No Kindle device required. Download one of the Free Kindle apps to start reading Kindle books on your smartphone, tablet, and computer.
To get the free app, enter your e-mail address or mobile phone number.
This hefty novel returns to the universe of Vernor Vinge's 1993 Hugo winner A Fire Upon the Deep--but 30,000 years earlier. The story has the same sense of epic vastness despite happening mostly in one isolated solar system. Here there's a world of intelligent spider creatures who traditionally hibernate through the "Deepest Darkness" of their strange variable sun's long "off" periods, when even the atmosphere freezes. Now, science offers them an alternative... Meanwhile, attracted by spider radio transmissions, two human starfleets come exploring--merchants hoping for customers and tyrants who want slaves. Their inevitable clash leaves both fleets crippled, with the power in the wrong hands, which leads to a long wait in space until the spiders develop exploitable technology. Over the years Vinge builds palpable tension through multiple storylines and characters. In the sky, hopes of rebellion against tyranny continue despite soothing lies, brutal repression, and a mental bondage that can convert people into literal tools. Down below, the engagingly sympathetic spiders have their own problems. In flashback, we see the grandiose ideals and ultimate betrayal of the merchant culture's founder, now among the human contingent and pretending to be a senile buffoon while plotting, plotting... Major revelations, ironies, and payoffs follow. A powerful story in the grandest SF tradition. --David Langford, Amazon.co.uk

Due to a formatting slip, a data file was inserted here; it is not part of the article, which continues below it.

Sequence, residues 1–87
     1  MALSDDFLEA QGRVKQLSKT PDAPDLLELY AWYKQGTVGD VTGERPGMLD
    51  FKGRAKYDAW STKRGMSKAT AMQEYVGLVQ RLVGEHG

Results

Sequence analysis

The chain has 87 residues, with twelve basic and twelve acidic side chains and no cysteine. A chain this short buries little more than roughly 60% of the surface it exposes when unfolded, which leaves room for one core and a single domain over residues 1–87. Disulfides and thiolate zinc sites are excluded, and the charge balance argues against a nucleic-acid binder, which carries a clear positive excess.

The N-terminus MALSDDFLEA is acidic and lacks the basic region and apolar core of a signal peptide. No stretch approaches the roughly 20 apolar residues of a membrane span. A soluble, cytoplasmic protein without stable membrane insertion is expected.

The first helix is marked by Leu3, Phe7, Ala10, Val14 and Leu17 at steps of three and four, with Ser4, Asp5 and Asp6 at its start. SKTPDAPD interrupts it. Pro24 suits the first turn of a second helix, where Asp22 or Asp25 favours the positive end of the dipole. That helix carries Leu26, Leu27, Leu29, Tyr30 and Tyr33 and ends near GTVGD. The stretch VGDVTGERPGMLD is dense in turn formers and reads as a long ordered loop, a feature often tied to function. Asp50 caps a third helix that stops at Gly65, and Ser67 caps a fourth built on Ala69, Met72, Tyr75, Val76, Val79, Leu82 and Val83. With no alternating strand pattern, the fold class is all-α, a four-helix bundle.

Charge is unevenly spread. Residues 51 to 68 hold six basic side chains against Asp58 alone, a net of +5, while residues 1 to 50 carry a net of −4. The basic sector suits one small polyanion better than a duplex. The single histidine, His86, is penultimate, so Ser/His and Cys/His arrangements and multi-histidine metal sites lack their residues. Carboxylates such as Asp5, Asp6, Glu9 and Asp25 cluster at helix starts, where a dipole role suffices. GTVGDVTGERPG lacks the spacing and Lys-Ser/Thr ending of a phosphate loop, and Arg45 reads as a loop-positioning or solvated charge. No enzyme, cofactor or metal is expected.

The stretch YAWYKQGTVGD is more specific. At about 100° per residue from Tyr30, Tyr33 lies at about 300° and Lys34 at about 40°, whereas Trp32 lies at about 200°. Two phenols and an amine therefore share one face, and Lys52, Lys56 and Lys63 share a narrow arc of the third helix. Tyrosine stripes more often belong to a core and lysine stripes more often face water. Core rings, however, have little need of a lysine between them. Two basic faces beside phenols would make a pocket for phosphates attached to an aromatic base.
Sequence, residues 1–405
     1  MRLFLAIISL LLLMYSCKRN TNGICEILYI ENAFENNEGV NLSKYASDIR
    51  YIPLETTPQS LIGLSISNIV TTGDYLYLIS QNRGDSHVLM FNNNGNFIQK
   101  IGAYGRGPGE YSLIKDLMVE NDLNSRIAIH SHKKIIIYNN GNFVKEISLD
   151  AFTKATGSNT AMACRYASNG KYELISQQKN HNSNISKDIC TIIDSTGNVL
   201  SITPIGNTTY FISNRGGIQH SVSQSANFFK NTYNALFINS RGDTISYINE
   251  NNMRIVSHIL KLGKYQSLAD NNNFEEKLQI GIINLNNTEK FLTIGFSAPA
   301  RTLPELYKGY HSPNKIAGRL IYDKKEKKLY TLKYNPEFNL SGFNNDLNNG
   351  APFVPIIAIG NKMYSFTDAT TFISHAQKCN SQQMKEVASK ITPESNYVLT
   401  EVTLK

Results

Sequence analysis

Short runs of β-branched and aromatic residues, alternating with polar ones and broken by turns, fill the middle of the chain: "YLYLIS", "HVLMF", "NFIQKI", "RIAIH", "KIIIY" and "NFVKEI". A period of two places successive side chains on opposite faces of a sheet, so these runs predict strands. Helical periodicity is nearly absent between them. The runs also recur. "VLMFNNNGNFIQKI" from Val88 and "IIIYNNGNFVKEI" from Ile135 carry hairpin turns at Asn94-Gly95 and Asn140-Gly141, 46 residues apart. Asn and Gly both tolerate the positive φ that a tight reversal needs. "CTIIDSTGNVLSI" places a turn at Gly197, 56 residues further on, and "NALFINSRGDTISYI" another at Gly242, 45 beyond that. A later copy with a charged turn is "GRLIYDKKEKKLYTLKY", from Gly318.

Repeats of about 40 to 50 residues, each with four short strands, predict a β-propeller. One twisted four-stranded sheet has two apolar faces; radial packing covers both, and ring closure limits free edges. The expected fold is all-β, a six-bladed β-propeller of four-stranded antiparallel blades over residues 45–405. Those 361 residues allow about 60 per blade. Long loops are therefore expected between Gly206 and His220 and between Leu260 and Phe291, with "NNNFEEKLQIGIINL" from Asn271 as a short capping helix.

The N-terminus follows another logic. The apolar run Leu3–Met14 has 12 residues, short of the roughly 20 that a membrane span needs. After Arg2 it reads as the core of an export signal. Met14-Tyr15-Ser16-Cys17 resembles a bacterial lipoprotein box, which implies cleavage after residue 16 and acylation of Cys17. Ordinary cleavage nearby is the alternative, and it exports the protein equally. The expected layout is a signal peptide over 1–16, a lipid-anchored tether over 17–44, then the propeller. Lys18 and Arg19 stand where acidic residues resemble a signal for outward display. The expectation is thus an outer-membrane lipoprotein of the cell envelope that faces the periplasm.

A war between two rival civilizations over trading rights to the planet Arachna results in the virtual enslavement of the Qeng Ho by the victorious Emergent culture. As the Spider-folk of Arachna evolve in their customary cyclical pattern, unaware of the threat that lies in their near future, a few Qeng Ho rebels work desperately to free themselves and save Arachna from conquest. This prequel to A Fire Upon the Deep (Tor, 1992) demonstrates Vinge's capacity for meticulously detailed culture-building and grand-scale sf drama. Recommended for most sf collections.
Copyright 1999 Reed Business Information, Inc.
Not very good. Predictable, saccharine, super super boring. I only finished this book out of stubbornness. Read morePublished 5 months ago by C. mcalister
Seriously unreadable. Got halfway though the book before realising I didn't care about any of the characters. Didn't even finish it.Published on May 28 2012 by Christian Eid
This is the best book I've read in a while. I'll admit, it's fairly dense and somewhat slow paced - if you like your sci-fi heavy on the 'splosions and sexiness, this is probably... Read morePublished on Sept. 1 2010 by C. Samuelsson
I found this book impossible to put down. The development of the characters, the evil podmasters, Pham Nuwen, the Spider society - it was all fascinating. Read morePublished on Nov. 5 2007 by Susan W
After reading A Fire Upon the Deep, I was eager to get my hands on this prequel. Vinge delivered again...in fact, this book is even slightly better than its predecessor. Read morePublished on Oct. 30 2003 by themarsman
Vernor Vinge successfully juggles about a couple dozen characters with very rich personalities with out losing track of the story. Read morePublished on Oct. 22 2003 by Colby A. Scott
Aging space trader Pham Newem has to save the newly-discovered Arachnid civilization from the brutal Emergents, who have learned how to incorporate the minds of human slaves into... Read morePublished on Sept. 19 2003 by Dave Deubler
This is an overlong book made worse by sloppy writing. The same distant, cold style is used for both technical descriptions and supposedly ardent human interactions. Read morePublished on Aug. 18 2003